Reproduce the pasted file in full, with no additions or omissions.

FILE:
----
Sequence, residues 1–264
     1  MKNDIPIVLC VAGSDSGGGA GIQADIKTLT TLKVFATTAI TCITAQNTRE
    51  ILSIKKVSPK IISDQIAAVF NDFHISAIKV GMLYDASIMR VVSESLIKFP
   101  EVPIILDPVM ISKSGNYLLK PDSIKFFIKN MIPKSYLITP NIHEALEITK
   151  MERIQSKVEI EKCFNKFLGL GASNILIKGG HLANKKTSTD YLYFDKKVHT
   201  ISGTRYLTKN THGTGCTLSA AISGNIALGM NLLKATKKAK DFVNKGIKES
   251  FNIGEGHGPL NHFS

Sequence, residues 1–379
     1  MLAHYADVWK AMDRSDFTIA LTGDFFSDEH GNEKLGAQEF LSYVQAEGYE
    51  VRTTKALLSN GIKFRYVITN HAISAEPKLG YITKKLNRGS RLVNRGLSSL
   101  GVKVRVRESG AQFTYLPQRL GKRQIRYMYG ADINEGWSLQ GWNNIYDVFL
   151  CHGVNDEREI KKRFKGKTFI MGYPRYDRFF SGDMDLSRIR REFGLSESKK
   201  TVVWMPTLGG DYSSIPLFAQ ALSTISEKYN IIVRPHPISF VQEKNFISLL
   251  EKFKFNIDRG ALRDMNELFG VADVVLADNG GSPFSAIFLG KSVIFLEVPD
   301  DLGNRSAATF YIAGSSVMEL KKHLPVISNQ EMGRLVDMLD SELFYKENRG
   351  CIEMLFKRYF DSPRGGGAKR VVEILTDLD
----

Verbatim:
Sequence, residues 1–264
     1  MKNDIPIVLC VAGSDSGGGA GIQADIKTLT TLKVFATTAI TCITAQNTRE
    51  ILSIKKVSPK IISDQIAAVF NDFHISAIKV GMLYDASIMR VVSESLIKFP
   101  EVPIILDPVM ISKSGNYLLK PDSIKFFIKN MIPKSYLITP NIHEALEITK
   151  MERIQSKVEI EKCFNKFLGL GASNILIKGG HLANKKTSTD YLYFDKKVHT
   201  ISGTRYLTKN THGTGCTLSA AISGNIALGM NLLKATKKAK DFVNKGIKES
   251  FNIGEGHGPL NHFS

Sequence, residues 1–379
     1  MLAHYADVWK AMDRSDFTIA LTGDFFSDEH GNEKLGAQEF LSYVQAEGYE
    51  VRTTKALLSN GIKFRYVITN HAISAEPKLG YITKKLNRGS RLVNRGLSSL
   101  GVKVRVRESG AQFTYLPQRL GKRQIRYMYG ADINEGWSLQ GWNNIYDVFL
   151  CHGVNDEREI KKRFKGKTFI MGYPRYDRFF SGDMDLSRIR REFGLSESKK
   201  TVVWMPTLGG DYSSIPLFAQ ALSTISEKYN IIVRPHPISF VQEKNFISLL
   251  EKFKFNIDRG ALRDMNELFG VADVVLADNG GSPFSAIFLG KSVIFLEVPD
   301  DLGNRSAATF YIAGSSVMEL KKHLPVISNQ EMGRLVDMLD SELFYKENRG
   351  CIEMLFKRYF DSPRGGGAKR VVEILTDLD